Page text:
Having the CAO sit outside of IT certainly has the potential to cause friction with the CIO. But CIOs should view their analytics colleagues as allies, not adversaries.

"From a CIO's perspective, I would look at the CAO as someone I can benefit from," says analyst Reed. "While I'm thinking about analytics maybe 10% of the time, they're thinking about it 100% of the time. The work they're doing will benefit me and give me time back to focus on managing the technology environment, which is becoming increasingly complex. I see it as a winning partnership."

CAOs, for their part, see IT as a critical partner. Veroff, for example, says that during his time at Dovetail, he was "joined at the hip" with the company's chief technology officer, Doug Fleming. "In order to do sophisticated analytics, I had to have data management structures that were accessible," Veroff says. "And [Fleming] was building applications that are really going to leverage [Dovetail's] analytics. So we were probably in contact four times a day, trying to stay in sync."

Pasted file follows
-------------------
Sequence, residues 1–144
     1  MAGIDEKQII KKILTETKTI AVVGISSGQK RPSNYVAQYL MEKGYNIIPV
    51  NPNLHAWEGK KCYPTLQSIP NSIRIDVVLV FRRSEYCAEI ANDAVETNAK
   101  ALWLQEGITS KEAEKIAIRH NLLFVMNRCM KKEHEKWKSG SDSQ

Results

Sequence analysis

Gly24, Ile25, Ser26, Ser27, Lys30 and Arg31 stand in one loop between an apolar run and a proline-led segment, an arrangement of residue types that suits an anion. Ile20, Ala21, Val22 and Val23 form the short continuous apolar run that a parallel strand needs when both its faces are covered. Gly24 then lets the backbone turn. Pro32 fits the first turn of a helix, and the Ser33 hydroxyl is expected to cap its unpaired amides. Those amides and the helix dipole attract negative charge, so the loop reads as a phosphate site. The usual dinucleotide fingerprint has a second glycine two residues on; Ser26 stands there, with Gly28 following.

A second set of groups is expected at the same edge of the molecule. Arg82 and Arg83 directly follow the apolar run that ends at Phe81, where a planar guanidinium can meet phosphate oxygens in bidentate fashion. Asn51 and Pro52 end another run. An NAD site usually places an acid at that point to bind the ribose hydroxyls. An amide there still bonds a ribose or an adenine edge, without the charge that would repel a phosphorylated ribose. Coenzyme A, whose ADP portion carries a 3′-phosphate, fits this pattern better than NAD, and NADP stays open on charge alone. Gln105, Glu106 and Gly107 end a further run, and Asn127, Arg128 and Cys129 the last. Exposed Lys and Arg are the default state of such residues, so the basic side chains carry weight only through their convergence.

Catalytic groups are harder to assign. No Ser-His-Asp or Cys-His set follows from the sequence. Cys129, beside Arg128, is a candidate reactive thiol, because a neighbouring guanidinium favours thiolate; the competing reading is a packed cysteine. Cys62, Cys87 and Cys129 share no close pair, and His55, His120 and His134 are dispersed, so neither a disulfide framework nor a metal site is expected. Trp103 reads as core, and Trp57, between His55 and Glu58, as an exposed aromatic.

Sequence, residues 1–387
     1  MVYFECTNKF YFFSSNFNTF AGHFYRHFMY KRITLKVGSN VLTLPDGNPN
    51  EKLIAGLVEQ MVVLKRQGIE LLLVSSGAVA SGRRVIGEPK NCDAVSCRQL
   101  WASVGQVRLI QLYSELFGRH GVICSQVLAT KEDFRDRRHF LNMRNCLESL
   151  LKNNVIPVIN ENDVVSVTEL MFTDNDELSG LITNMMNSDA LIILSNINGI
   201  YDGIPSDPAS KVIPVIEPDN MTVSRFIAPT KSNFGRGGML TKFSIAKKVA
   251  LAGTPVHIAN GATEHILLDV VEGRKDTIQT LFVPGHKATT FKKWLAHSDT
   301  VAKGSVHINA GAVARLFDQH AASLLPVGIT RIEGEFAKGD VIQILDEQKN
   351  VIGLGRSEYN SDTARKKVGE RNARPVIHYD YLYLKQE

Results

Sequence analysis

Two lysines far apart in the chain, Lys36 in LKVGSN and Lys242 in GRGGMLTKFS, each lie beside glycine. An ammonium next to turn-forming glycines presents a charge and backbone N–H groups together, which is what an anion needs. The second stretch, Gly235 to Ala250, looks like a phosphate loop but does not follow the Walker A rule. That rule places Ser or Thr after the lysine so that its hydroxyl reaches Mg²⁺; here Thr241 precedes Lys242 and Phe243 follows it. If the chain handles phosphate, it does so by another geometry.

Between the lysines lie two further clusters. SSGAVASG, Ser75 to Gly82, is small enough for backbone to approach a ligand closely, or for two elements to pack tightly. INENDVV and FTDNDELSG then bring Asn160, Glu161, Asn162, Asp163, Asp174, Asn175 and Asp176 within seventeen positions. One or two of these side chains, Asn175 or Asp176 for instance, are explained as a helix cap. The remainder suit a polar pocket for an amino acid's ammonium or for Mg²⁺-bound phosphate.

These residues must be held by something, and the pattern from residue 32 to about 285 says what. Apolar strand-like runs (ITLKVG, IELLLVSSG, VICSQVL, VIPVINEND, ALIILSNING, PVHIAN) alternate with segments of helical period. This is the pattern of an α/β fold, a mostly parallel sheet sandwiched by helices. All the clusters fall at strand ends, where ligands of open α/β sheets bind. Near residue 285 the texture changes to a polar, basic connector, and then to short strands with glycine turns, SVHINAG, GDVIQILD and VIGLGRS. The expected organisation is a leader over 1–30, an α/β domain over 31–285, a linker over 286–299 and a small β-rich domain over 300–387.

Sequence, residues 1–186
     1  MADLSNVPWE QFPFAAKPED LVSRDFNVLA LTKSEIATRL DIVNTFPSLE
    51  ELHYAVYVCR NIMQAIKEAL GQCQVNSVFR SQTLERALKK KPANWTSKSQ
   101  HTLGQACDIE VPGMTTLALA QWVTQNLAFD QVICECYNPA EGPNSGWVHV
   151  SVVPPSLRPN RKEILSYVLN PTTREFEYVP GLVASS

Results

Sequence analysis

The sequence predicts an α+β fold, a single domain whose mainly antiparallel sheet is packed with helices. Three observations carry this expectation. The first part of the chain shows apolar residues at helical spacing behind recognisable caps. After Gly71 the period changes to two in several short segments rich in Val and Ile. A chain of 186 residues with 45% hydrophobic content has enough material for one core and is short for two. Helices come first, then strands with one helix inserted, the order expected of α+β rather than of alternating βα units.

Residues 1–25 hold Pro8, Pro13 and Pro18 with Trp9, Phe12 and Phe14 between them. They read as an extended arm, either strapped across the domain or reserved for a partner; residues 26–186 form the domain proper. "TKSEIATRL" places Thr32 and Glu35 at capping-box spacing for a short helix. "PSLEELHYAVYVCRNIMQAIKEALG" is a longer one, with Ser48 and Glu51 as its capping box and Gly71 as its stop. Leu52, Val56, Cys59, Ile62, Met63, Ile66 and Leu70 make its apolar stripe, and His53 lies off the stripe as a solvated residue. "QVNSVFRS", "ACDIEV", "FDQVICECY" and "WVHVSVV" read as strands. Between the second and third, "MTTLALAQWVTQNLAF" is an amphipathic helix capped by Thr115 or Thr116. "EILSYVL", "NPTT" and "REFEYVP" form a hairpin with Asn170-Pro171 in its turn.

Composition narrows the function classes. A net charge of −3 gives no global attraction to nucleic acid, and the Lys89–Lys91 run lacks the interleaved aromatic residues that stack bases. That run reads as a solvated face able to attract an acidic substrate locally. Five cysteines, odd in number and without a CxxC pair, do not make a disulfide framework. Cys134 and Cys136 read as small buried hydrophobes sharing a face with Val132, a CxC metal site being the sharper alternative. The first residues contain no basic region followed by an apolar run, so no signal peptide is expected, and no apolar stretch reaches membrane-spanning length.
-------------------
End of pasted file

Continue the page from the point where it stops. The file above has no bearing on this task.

One important skill for CAOs is their ability to act as a conduit between IT and the rest of the business. "One of my roles is to bridge the gap between the technology teams and business teams," says Marks. "We're not necessarily IT, but we understand the nuances. And we also understand the business needs. We're really a translator -- we turn data into a common language that both business and IT can understand."